The balance struck so successfully by Young and the Ferrara Ensemble is that between confidence, projection, a sense of self-possession and uncluttered expression on the one hand. And an implicit acknowledgement of the music's special place and significant advances, albeit more cerebral than hearty on the other. Then, when you take into account that probable smaller circulation, these performers must be credited with a remarkably down-to-earth approach, for all the music's refinement. There is neither fuss nor exaggeration in their performing styles. They make no attempt to overplay the ways in which the music is as intricate and subtle as in fact it is. They seem to prize the act of letting its lines, linguistic playfulness and introverted harmonies speak for themselves. Nothing, though, is missing. A wholly satisfying listening experience.

Given the fact that 15 named or known composers are represented here, and that there are almost as many pieces by anonymous figures (from the period), lack of variety is never a risk. Some tracks are purely instrumental; others for solo voice, or few. There are also more voluminous, fuller, pieces. Those arranged by the Ferrara Ensemble's director, Crawford Young, are good arrangements, unobtrusively worked. And it was Young who prepared the actual performing editions here. At the same time, there is a continuity of purpose which finds its way into performances actually recorded over so long a timespan (1994 to 2009).

The Ferrara Ensemble's personnel changed over the course of these recordings; in fact the recordings are dedicated to three who have died. But a pool of 17 performers can claim credit for the nevertheless consistent, and consistently excellent standard. In addition to faithfulness to the score, source and tensions between styles which budded in the decade before 1400, these performers exude a confidence that they have absorbed the idioms sufficiently well to portray and purvey the spirit of the music and its social and psychological context. The (sub)titles given to these four CDs ("Ballades…", "En doulz chastel de Pavie", "Fleurs de vertus", "Corps Femenin") would be enough to suggest the vibrancy of music creation: parting, longing, admiration (particularly in mythological realms), nature, and music itself predominate. But the perhaps less self-assured tone, the almost gauche relationship between the creator and the world which pervades music of the previous generations is entirely absent. And the Ensemble reflects this greater confidence and sense of purpose.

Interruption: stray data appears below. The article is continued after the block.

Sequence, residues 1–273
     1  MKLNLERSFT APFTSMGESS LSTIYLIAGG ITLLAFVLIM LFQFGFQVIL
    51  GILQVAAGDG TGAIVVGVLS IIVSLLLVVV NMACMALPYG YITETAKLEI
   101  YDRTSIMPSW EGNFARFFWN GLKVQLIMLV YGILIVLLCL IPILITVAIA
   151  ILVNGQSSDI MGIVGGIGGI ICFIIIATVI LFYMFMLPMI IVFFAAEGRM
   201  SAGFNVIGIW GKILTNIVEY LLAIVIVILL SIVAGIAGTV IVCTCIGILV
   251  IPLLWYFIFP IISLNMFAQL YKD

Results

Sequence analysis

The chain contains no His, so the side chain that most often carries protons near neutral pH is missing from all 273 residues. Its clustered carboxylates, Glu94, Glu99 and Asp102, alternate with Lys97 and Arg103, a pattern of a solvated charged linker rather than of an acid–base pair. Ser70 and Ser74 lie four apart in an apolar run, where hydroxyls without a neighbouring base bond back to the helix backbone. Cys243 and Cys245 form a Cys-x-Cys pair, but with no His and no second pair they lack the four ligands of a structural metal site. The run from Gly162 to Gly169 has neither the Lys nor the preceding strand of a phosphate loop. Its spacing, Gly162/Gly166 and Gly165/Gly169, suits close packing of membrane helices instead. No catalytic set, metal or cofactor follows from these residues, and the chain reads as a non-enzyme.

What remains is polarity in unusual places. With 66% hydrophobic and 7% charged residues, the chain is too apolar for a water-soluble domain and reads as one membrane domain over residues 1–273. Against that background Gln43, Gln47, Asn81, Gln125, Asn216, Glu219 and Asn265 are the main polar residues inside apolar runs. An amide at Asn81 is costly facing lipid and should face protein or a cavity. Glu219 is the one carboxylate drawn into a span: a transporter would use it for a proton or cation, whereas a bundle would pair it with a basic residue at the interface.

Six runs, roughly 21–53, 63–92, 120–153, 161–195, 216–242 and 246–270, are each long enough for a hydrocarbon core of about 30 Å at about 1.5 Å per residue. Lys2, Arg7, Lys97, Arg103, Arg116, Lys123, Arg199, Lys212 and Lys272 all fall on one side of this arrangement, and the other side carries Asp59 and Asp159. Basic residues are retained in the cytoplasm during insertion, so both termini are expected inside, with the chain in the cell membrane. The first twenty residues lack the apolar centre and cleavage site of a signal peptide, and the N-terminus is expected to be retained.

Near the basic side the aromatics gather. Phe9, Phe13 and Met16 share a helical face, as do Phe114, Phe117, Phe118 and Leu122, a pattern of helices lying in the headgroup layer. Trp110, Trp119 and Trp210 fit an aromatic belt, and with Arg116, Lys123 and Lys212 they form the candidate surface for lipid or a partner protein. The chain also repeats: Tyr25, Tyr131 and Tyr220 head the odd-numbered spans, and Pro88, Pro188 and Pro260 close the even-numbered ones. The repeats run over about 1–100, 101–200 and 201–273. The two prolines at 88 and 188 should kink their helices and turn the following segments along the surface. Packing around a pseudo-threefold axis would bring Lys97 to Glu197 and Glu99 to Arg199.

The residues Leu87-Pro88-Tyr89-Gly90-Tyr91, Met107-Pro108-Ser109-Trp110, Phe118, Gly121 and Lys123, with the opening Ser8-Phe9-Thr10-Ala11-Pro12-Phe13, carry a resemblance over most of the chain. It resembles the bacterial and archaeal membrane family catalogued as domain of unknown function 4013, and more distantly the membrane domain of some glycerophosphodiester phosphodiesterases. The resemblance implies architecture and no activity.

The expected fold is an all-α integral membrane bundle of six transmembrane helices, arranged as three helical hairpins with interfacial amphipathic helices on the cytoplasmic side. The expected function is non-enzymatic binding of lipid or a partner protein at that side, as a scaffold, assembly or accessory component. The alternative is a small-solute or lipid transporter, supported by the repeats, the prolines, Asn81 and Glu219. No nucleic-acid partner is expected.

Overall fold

After listening to each CD one is left feeling drawn into the world of which these composers clearly felt so much in command. Subtler their execution may have been – even the ideas and emotional responses; but the Ferrara Ensemble pushes the music forward with a will and an assumption that such robust responses are natural, almost inevitable at times. Compare this with music from just 50 years earlier where wonder and perplexity predominated. Without rendering the music in any way matter-of-fact, mundane, or allowing its unfolding to be perfunctory, these performers have almost excised – certainly eclipsed – the romantic in favor of the appropriately declamatory and logically expositional.

Even this approach allows for an immersion on the listener's part that is extremely enjoyable. It's likely that the majority of these works will be unfamiliar. Yet their tone and the world which they illuminate is not. One soon grows used to the scope of music. Works on the four CDs last from under a minute in length to almost 13. The performers also bring out the music's own internal logic; for it increasingly references the world in which it was written in new and exciting ways.

The acoustic of the church of Saint Germanus, Seewen in Switzerland supports the tenderness yet confident and assuredly directed sound aimed for (and reached) by the Ferrara Ensemble. Given the fact that the recordings on these four CDs were made over such a long stretch of time, the recordings themselves have been made remarkably consistently. The booklet that comes with them contains the full texts in French (and Latin) with English translations. But is otherwise a little difficult to navigate, and to progress from the general to the specific in what for many will be unfamiliar territory. But these are important works expertly performed. Although several items from the Codex are otherwise available, none is so extensive; what's more to have them grouped like this, and so persuasively sung and played makes this a CD set to be sought out and appreciated.

Copyright © 2015, Mark Sealey